World NTD Day was celebrated on the 30th of January. The UK Coalition Against NTDs and the All-Party Parliamentary Group on Malaria and Neglected Tropical Diseases (NTDs) organized a commemorative event.
A commemoration of World NTD Day was held by the All-Party Parliamentary Group on Malaria and Neglected Tropical Diseases and the UK Coalition Against NTDs. Parliamentarians, healthcare providers, global health organizations, and members of the public attended the event.
Above: Aishwarya Janakan, a winner of our Shine A Light poster competition, said, “I chose leprosy and elephantiasis because I could see clearly how having these conditions might change how people think about you and how treating you differently can affect your life.” Credit: Paula Plaza/SCI Foundation
Catherine West, MP of Hornsey & Wood Green, Chair of the APPG for Malaria and NTDs, hosted the event. It included recorded statements by Dr Soce Fall, the newly-appointed Director for NTDs for the World Health Organization, and Professor Getnet Tadele from Addis Ababa University in Ethiopia. Dr Fall said that NTD programs are vehicles for social justice and called for more investment in these programs.
Professor Tadele stressed the importance of indigenous knowledge by saying:
“We are interdependent – those in the global north possess better technical expertise, competence, and resources while we who live and work in countries with NTDs have a deeper understanding of their context.” They must be valued equally.”
The audience heard Dr Subodha Galahitiyawa’s powerful and personal account of living with leprosy. She is an Associate Lecturer at The University of The West of Scotland.
Above: Anusha Shrivastava, a winner of our Shine a Light poster competition, said, “I was inspired to create this poster because I was curious about what NTDs are and wanted to research it further.” Credit: Paula Plaza/SCI Foundation.
She said, “I stigmatised me. I was afraid that my family and I would be rejected if other people found out. I finished my Bachelors and Masters, but faced discrimination and struggled to get a job. My perspective on life changed. We must establish a culture where we work with people who are affected by these diseases, because our experience is an expert.”
Dr Charles Mowbray added that he is the Discovery Director for the Drugs for Neglected Diseases Initiative.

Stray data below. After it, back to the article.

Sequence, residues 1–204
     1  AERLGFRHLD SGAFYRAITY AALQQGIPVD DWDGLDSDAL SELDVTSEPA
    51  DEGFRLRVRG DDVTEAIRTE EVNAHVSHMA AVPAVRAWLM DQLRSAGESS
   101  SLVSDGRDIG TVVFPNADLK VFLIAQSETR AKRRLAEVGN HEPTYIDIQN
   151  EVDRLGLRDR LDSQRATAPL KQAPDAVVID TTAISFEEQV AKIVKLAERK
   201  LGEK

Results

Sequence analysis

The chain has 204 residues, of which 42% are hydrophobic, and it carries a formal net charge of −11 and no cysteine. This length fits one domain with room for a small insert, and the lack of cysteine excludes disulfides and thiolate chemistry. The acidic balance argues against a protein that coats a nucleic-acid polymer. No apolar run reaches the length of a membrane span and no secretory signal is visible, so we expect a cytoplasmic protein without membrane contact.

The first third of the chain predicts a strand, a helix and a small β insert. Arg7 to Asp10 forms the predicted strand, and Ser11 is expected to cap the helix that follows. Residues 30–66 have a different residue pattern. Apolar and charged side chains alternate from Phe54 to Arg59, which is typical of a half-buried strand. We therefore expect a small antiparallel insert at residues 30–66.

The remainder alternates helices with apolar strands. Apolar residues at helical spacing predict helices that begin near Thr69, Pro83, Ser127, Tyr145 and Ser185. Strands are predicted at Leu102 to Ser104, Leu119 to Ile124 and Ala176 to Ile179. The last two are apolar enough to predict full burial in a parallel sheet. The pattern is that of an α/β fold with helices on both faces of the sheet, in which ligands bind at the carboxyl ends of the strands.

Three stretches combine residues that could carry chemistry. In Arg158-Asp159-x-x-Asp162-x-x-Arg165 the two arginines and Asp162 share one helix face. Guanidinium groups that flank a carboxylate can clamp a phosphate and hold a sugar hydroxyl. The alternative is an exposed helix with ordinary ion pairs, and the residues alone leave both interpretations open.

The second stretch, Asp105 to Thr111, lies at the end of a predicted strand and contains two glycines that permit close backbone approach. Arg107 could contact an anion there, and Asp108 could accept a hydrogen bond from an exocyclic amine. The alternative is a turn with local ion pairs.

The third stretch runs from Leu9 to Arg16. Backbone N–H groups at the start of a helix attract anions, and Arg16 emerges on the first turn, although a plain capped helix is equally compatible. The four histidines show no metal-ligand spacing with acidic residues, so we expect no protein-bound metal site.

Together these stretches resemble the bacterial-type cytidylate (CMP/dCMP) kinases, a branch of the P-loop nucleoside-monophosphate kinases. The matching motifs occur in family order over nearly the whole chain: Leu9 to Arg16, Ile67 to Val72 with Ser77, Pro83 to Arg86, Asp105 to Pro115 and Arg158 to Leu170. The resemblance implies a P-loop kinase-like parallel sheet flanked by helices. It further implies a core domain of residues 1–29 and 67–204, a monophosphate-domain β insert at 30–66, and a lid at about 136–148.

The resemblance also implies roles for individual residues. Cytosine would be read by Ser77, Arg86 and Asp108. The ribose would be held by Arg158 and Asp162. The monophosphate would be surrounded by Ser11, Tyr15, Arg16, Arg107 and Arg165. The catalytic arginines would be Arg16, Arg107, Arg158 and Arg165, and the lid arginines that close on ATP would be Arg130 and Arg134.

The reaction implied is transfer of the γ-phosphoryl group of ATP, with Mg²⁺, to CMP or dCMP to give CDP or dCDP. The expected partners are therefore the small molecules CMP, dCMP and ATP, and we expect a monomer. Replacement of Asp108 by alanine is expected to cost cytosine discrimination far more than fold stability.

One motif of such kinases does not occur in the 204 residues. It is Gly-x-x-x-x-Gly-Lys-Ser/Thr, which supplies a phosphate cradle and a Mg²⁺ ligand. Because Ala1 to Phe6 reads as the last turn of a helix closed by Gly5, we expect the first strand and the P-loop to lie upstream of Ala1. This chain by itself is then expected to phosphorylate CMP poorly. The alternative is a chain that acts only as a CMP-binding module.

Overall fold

Above: CEO of SCI Foundation, Dr Wendy Harrison, and Sahara Aziz, a winner of our Shine A Light poster competition. Sahara said, “I was inspired to create this poster because I feel like people who suffer with any tropical disease must feel like they are drowning, and are just waiting to see the light.” Credit: Paula Plaza/SCI Foundation
“We will not make the progress we need in all those neglected tropical diseases until we have the right tools, and more tools, to try and really address the needs of the patients the right way.”
Dr Harrison concluded
“We wanted to raise the awareness of NTDs creatively, and we knew that having youth interpret them through their lenses is often a great way to engage different audiences. You can see that the creativity of the participants and the sheer number of responses was outstanding.
Accept marketing cookies by clicking on the button below to enable this content.
The event concluded with the Shine a Light Poster Competition organized by the SCI Foundation. Our CEO, Dr Wendy Harrison, Catherine West, MP, and Virendra Singh, MP, presented the prizes to the winners.
“With less that a decade left to achieve sustainable development goals, and plans to implement an entirely new strategy, my co-President Dr Wendy Harrison and myself pledge to work closely with key stakeholders to identify and address current global health challenges as best we can.”
“I am thrilled to contribute as coPresident. I will bring together a diverse array of global experts to not only drive RSTMH’s priorities forward but also to address the broader challenges we face today in a changing global health landscape,” said Dr Harrison.
RSTMH aims to improve tropical medicine through increased awareness.
Access and equity in global health care
Unlimited Health congratulates Professor Gyapong and Dr Harrison on their respective awards.
RSTMH wishes RSTMH all the best in their future priorities.
If Ponzi Pinot Noir is better, then it’s a no-brainer. Is this wine from Italy? No. It’s Oregon. It’s Pinot Noir. Every sommelier in the world (except for a few who love oddball grapes such as Ploussard) believes that Pinot Noir is the perfect red grape to pair with anything. What more could you want? Berry fruit, fine tannins, and acidity that goes well with pepperoni (and tomato sauce), screw-top opening (easy to use), and screw-top closure (easy to use).
Except maybe everyone’s longtime pizza go-to, Chianti. Tenuta di Nozzole Chianti Classico Riserva would be the 3-1 favorite if there were betting odds in Vegas for this tasting. It’s a sure thing. Spicy, firm, with lots of dark fruit notes. From a top Tuscan producer. Winner-winner pizza dinner. Unless, of course, one of the other winners. Anyone who lives in 2020 will know that life is full of surprises.